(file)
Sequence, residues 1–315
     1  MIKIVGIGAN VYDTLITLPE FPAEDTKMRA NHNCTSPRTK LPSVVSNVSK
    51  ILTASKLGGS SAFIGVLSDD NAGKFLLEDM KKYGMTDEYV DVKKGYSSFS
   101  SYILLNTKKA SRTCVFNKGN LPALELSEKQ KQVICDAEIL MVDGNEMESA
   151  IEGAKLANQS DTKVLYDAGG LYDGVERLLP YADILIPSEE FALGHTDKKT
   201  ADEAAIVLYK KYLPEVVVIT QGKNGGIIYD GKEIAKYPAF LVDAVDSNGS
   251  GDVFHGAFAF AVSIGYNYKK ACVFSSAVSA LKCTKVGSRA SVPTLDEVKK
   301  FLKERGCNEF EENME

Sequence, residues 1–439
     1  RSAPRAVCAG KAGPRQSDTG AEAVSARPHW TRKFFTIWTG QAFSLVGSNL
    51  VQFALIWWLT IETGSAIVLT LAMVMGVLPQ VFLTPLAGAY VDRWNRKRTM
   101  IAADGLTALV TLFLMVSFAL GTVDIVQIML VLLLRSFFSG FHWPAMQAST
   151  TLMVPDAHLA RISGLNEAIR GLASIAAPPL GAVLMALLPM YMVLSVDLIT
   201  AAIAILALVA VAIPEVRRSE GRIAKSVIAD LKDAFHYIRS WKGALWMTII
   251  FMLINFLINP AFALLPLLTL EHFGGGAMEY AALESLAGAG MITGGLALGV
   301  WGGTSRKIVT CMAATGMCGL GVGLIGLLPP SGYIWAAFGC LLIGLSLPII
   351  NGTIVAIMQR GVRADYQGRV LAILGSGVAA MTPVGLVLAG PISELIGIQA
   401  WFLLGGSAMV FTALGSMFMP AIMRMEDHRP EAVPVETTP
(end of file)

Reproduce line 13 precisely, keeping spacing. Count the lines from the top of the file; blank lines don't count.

   151  TLMVPDAHLA RISGLNEAIR GLASIAAPPL GAVLMALLPM YMVLSVDLIT